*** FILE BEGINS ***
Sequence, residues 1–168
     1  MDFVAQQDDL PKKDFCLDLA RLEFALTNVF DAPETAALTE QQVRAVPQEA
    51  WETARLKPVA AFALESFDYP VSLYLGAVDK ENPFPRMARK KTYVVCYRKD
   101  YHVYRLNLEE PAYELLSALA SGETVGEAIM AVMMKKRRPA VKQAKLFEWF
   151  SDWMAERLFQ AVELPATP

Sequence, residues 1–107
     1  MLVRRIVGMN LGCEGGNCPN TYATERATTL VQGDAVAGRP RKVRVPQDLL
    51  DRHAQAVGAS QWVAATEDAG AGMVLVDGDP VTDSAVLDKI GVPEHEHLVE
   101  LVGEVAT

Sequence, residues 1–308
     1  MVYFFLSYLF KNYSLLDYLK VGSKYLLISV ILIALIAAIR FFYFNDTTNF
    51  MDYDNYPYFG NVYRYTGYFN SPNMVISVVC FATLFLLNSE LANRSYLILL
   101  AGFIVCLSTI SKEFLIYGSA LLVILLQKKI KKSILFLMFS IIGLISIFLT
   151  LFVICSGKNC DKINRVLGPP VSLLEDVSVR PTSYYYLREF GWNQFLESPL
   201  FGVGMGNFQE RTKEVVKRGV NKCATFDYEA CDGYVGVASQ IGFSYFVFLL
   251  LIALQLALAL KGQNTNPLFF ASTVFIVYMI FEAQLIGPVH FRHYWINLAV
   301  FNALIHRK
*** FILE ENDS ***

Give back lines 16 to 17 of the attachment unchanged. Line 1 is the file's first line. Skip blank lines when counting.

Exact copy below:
   251  LIALQLALAL KGQNTNPLFF ASTVFIVYMI FEAQLIGPVH FRHYWINLAV
   301  FNALIHRK